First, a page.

The health benefits of working out are bountiful — increased energy and stamina, and reduced risk of cardiovascular disease, high blood pressure, diabetes, obesity, thinning bones (osteoporosis), and possibly anxiety and depression.

You can obtain these benefits by accumulating 30 minutes of moderately intense physical activity, such as walking briskly for 2 miles, housecleaning or pushing your mower across your lawn, on most days of the week, according to Health Canada. Or you may want to set the bar higher and establish an exercise routine — planned, structured, repetitive movement to boost your physical fitness.

Health Canada defines physical fitness as cardiorespiratory endurance, body composition, muscular strength and endurance, and flexibility. Studies of the benefits of exercise usually measure its effect on the cardiorespiratory system. During aerobic exercise, the body requires oxygen to keep moving. Aerobic exercise capacity is the body's ability to remove oxygen from the air and deliver it to working muscles. Because few people will walk into a sports medicine laboratory and have their oxygen use measured, alternative methods have been developed to gauge aerobic exercise capacity.

Target heart rate

As your body uses more oxygen during aerobic exercise, your heart rate increases. One method to estimate exercise intensity is target heart rate, which is a percentage of your maximum heart rate that varies with your age. By taking your pulse during exercise, doing some math or consulting a table, you can determine if you are reaching your target heart rate.

The Health Canada guidelines recommend a range of target heart rates depending on fitness level. For instance, someone who is unconditioned may want to start with a target heart rate of 55 percent of maximum heart rate, and a person who is at peak fitness might aim for 90 percent of maximal heart rate. But most adults who want to boost their fitness should aim for a range of 70 percent to 85 percent of their maximum heart rate, three to five times a week, 20 minutes to 30 minutes a session.

To take your pulse:
- Stop exercising and find your pulse within 5 seconds by placing two fingers on the thumb side of your wrist over the lateral (radial) artery. With practice, you may be able to find your pulse during some forms of exercise.

- Exert gentle pressure. Using a watch or clock with a second hand, count your pulse for 10 seconds.

- Multiply by six to calculate the rate for 1 minute.

- Compare this number with your target heart rate.

To calculate your target heart rate using the Health Canada recommendation for most adults:
- Find your maximum heart rate, which is approximately 220 minus your age.

- Multiply this number by 0.70, then by 0.85 to find the 70 percent to 85 percent range.

For example, if you are 40 years old, your maximum heart rate is 220 - 40 = 180. 180 X 0.70 = 126 and 180 X 0.85 = 153, giving you a target range of 126 beats to 153 beats per minute.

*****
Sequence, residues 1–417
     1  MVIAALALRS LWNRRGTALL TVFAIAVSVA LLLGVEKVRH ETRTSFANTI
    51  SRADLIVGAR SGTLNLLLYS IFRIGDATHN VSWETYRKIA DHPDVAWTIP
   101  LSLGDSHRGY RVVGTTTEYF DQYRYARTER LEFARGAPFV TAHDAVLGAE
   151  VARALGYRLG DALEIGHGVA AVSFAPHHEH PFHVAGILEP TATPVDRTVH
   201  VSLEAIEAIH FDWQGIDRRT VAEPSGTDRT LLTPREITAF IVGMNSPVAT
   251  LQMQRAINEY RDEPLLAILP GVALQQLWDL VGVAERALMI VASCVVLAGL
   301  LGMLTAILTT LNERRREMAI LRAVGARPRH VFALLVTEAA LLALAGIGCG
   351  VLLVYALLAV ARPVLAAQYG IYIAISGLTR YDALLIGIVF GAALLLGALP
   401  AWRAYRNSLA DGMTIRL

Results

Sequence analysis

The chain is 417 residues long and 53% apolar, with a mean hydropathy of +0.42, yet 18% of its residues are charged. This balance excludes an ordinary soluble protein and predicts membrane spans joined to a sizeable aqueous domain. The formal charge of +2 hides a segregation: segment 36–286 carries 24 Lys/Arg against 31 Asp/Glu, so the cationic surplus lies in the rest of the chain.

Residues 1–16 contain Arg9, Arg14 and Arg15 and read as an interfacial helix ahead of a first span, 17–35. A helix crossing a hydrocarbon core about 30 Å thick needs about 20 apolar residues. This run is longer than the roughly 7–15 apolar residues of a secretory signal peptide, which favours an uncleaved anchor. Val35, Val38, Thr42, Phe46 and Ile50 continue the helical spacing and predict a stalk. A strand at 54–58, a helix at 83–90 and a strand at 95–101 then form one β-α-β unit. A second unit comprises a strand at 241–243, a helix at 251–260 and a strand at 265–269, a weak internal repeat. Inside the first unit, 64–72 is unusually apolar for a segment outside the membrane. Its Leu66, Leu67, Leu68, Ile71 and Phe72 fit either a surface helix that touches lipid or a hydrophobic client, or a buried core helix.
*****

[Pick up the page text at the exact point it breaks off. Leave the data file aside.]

Find your zone

Age

Average Maximum Heart Rate 100% (beats per minute)

Target Heart Rate Zone 70%-85% (beats per minute)

20

200

140-170

25

195

136-166

30

190

133-161

35

185

129-157

40

180

126-153

45

175

122-149

50

170

119-144

55

165

115-140

60

160

112-136

65

155

108-132

70

150

105-127

 

An alternative

Target heart rate has some disadvantages. It's a rough guideline that is less reliable as you grow older. For this reason some exercise specialists recommend that only young, healthy people use target heart rate to monitor their workouts.

Also, medications and chronic conditions such as diabetes and cardiovascular disease can change the heart's response to exercise. Beta blocker medications, which are prescribed to treat high blood pressure and heart conditions, can prevent the increase in heart rate that usually occurs during exercise. And many people find it cumbersome to stop their routine and take their pulse.

An alternative is the Borg rating of perceived exertion (RPE) scale, which relies on your perception of how hard you are working. With this method, you rate exercise intensity from 6 to 20. Using this scale, Ray Squires, Ph.D., director of the Cardiovascular Health Clinic at Mayo Clinic, Rochester, Minn., recommends that most adults exercise three to five times a week, 20 minutes to 30 minutes a session, at an RPE of 12 to 14.

Borg rating of perceived exertion

 

Rating

Interpretation

6

Rest

7

Very, very light

8

*

9

Very light

10

*

11

Fairly light

12

*

13

Somewhat hard

14

*

15

Hard

16

*

17

Very hard

18

*

19

Very, very hard

20

Maximal effort

 

Proceed with caution

You may need a medical evaluation before undertaking a fitness or exercise program. People who should consult a physician include men age 45 and older, women age 55 and older, people with two or more risk factors for coronary artery disease, people with any major signs or symptoms of coronary artery disease, and people with disorders of the heart, lung or endocrine system, such as diabetes.

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